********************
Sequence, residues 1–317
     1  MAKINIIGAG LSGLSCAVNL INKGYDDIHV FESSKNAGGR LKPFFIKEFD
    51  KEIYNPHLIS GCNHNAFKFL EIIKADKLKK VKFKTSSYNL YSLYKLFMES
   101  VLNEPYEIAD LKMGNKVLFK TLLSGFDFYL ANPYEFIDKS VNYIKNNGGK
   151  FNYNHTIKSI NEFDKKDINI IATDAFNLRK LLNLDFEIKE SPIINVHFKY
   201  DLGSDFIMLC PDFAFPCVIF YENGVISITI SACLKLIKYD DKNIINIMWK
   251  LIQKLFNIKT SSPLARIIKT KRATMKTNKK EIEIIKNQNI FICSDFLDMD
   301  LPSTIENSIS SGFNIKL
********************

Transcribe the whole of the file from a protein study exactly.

Sequence, residues 1–317
     1  MAKINIIGAG LSGLSCAVNL INKGYDDIHV FESSKNAGGR LKPFFIKEFD
    51  KEIYNPHLIS GCNHNAFKFL EIIKADKLKK VKFKTSSYNL YSLYKLFMES
   101  VLNEPYEIAD LKMGNKVLFK TLLSGFDFYL ANPYEFIDKS VNYIKNNGGK
   151  FNYNHTIKSI NEFDKKDINI IATDAFNLRK LLNLDFEIKE SPIINVHFKY
   201  DLGSDFIMLC PDFAFPCVIF YENGVISITI SACLKLIKYD DKNIINIMWK
   251  LIQKLFNIKT SSPLARIIKT KRATMKTNKK EIEIIKNQNI FICSDFLDMD
   301  LPSTIENSIS SGFNIKL